My Ex Was A Covert Narcissist. Don't Make The Mistakes I Did.

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Covert narcissists — could be as dangerous as overt narcissists. The difference is subtle. Thus, it may take a longer time to realize that they’re manipulating you.

In that sense, you may end up intertwined for longer in their spider web.

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Here’s what it was like.

Six years ago, I was living in Thailand with a man who wasn’t good for me. He would assure me I was his girlfriend, but around friends and colleagues, I was his best friend.

It was confusing. I confronted him and he convinced me it was better this way.

“Best friends last, girlfriends don’t,” he said and I bought it.


I stuck with him for three years. On the streets, he refused to hold my hand. He gawked at girls and even chatted them up in front of me.

He didn’t acknowledge my birthday, withheld sex, and kicked me out of his apartment in the middle of the night in midst of an argument.

He would disappear without any warning. Naturally, I worried and wondered if I was at fault. A week later, he would show up at the door, unhinged, calling me a “worry wart.”

At first, I tried to talk it out, but the conversation always circled back to how I was too sensitive. “C’mon. I just needed a break. I don’t know why you’re making such a big deal.”

“That’s true. I’m sorry,” I’d say. After a few years of this, I was too tired to fight back. His constant gaslighting and detachment trained my subconscious not to question or argue with his decisions. He was succeeding.


One day, we were walking home. As usual, he walked ahead of me while I tried to catch up.

“So, what should we do over the holidays?” I asked, hoping to slow him down.

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“Oh…um…that. I’m going to Korea to climb a mountain with my ol’ man,” he said glancing over to briefly make eye contact.

My old hip injury didn’t allow me to physically walk fast and he knew that.

“Oh….so just you and your dad? He’s flying all the way from New York?” I raised my voice to the back of his head.

‘Yep. Just me and my ol’ man,” he looked back and blurted.

He wanted me to complain he was walking too fast. He wanted me to ask why we weren’t doing anything together.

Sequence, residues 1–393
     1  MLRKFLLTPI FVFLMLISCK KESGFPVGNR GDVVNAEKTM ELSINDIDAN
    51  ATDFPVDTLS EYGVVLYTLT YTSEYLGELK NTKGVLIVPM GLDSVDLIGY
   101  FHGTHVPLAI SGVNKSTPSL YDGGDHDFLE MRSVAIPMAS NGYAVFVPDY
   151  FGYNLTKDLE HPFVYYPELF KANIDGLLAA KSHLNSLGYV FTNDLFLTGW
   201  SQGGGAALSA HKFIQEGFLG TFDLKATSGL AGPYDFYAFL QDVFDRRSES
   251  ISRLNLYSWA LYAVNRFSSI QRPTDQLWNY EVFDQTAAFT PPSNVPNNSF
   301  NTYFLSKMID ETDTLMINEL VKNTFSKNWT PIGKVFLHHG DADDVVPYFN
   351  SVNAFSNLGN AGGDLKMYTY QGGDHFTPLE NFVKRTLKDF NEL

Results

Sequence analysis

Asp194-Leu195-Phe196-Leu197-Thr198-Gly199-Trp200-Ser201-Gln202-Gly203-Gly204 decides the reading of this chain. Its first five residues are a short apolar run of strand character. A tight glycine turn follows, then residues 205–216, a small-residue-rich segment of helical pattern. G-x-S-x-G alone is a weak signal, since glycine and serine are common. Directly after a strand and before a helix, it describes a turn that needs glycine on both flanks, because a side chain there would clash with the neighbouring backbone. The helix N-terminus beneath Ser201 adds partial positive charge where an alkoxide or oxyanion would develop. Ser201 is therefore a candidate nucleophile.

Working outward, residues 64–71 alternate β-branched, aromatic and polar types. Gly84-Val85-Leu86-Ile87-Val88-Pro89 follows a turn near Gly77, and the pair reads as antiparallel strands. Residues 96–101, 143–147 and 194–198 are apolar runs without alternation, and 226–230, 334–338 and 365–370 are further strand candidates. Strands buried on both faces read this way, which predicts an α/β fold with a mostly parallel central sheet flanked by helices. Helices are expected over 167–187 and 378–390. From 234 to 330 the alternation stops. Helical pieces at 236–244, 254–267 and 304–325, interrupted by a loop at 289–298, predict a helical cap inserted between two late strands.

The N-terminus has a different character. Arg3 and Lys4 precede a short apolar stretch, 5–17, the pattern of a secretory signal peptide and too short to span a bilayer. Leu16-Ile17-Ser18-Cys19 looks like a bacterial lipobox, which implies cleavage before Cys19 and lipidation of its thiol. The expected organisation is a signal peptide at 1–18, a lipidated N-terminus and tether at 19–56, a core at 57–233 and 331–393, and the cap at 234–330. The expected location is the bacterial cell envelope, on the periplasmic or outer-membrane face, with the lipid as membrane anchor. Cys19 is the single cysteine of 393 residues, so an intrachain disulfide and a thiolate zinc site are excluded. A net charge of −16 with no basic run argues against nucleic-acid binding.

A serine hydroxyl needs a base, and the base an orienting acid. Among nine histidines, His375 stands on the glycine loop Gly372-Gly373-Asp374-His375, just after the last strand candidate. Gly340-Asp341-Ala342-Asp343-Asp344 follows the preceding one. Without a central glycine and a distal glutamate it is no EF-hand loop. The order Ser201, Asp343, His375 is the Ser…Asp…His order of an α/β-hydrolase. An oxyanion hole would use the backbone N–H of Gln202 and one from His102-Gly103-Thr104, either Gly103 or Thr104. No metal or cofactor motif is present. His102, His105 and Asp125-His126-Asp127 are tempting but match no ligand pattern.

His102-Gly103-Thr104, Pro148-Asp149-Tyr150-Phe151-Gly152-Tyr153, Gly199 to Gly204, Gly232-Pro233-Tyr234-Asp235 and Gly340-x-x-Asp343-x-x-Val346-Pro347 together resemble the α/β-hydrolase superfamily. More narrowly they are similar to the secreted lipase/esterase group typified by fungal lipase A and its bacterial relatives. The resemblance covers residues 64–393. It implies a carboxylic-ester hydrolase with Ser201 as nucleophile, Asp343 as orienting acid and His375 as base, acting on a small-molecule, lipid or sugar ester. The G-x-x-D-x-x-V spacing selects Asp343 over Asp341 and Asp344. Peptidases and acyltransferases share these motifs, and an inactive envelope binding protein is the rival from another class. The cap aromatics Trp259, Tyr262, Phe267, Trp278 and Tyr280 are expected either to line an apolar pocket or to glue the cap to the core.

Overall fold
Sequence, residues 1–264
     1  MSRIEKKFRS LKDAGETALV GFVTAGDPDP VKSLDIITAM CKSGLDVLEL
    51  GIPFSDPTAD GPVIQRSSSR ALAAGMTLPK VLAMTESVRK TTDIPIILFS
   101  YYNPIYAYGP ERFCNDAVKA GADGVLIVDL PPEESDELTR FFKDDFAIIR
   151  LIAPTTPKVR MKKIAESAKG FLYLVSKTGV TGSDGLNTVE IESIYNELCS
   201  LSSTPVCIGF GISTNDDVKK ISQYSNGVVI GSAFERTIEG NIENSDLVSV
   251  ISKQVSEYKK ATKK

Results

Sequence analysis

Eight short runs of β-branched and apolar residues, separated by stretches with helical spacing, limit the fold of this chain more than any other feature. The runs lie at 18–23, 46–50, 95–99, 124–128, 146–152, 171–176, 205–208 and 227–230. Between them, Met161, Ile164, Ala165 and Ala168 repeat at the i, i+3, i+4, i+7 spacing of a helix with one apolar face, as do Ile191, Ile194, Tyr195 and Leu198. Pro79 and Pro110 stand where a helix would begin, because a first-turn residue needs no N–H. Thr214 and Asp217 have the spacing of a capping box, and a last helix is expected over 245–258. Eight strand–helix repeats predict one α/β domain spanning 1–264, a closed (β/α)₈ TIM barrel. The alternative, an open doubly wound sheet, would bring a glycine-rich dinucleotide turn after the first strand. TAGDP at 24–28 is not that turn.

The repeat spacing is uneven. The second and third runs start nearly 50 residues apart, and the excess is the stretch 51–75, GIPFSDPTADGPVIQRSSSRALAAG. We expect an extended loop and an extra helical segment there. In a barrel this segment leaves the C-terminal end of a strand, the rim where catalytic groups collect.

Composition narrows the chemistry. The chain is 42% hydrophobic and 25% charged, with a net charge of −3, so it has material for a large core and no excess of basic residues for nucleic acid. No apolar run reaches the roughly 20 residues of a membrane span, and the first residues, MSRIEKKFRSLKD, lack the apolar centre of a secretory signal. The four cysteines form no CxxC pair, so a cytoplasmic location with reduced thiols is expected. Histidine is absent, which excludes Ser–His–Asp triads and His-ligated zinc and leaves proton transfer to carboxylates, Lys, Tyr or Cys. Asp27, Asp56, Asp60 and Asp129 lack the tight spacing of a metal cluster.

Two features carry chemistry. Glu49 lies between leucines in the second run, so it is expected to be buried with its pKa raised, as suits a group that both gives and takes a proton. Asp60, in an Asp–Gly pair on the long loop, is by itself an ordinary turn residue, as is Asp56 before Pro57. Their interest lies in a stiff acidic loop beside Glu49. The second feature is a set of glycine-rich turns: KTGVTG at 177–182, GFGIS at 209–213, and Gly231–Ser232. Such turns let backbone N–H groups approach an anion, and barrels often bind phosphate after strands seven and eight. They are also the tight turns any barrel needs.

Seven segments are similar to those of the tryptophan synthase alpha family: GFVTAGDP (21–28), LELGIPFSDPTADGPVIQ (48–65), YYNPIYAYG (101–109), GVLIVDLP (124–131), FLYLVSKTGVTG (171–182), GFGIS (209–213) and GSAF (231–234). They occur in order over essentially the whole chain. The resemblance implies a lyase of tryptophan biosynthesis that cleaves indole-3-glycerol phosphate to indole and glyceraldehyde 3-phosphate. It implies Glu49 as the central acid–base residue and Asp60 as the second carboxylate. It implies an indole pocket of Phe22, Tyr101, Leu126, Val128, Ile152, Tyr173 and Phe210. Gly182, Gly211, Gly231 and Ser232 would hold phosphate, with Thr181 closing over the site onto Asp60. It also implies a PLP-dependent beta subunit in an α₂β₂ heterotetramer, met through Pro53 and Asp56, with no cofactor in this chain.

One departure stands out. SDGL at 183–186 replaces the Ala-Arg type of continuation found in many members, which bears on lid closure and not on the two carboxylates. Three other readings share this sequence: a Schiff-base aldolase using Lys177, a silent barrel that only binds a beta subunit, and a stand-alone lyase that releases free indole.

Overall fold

I didn’t bother. He and I both knew the silent rule — either do it his way or get a slew of back and forth that went nowhere. Most likely, he was going on a trip with another girl.

I adjusted my frown and forced a slight smile, hoping he wouldn’t notice the tears welling up in my dead eyes.

Love bombing

I broke up multiple times over the years and always came back, but I finally managed to break up for good.

It started with me landing a dream job as an editor of a lifestyle magazine. Surprisingly, he offered to take me out. I was ecstatic.

When the bill arrived, I watched him pay for his half and place the receipt in front of me.

“I thought you were taking me out,” I said.

“I did take you out. We’re here, aren’t we?” He quipped.

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Stabbed in the heart, again.

I dug through my bag, grabbed my wallet, scurried through the paper bills, slapped them on the table, and glared at him. What do you think I am? Stupid? After all, I’ve done for you. Eff you, you little piece of crap!

I swallowed those words and stormed out of the restaurant. After a few hours, he rang me, distraught and apologetic.

“You’re mad that I didn’t pay for your meal, right? I’m sorry. It’s not like I have money to spend. I just wanted to make you feel good,” he said. “I care about you. It’s just a meal. You had a good time, right?”

By now, I understood his tactics.

“I can’t do this anymore,” I said, cooly. “We’re breaking up. I mean it. Don’t call me anymore.”

“Don’t do this! I can’t believe you’re breaking up over a meal. You mean so much to me. I care you about, you know that. Please, June, I love you.” He was hysterical.

I love you? I smelled desperation. He never says I love you.

“Good-bye. Have a good life.” I hung up for the first and last time.

Predictably, after a few days, he emailed me, “Aww, look at us,” he wrote with an attachment of a picture of us cuddled up. I didn’t respond.

He attempted numerous times in text messages and emails to sprinkle me with love notes and compliments as he has done in the past.

The only difference was this time I knew the game.

You’re probably wondering why I let him treat me like this. I don’t know why either. I’m a strong, smart woman. I should have known better. Looking back, I tried to make it work because I thought if only I catered to him, our relationship will work.

I compare it to being in a cult. You do a lot of crazy stuff in a cult. You get out and you wonder what in the world you were thinking.

If your partner sounds like mine, it doesn’t necessarily mean they are a covert narcissist. But, it’s a huge indication the relationship is toxic. Pay attention to the cycle of grooming, discarding, and love bombing.

  • Grooming: He gaslighted me and trained me to question my reality.
  • Discarding: He found another supply so he treated me like crap.
  • Love bombing: He complimented me with flowery messages to reel me in.

1. A telltale sign of a covert narcissist: You’re crawling in confusion.

2, A telltale sign of a covert narcissist: You allow behavior you wouldn’t normally allow.

3. A telltale sign of a covert narcissist: You’re showered with flowery rhetoric when he’s trying to reel you in.

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June Kirri is a writer on culture, parenting, and mental health. Follow her on Twitter.

This article was originally published at Medium. Reprinted with permission from the author.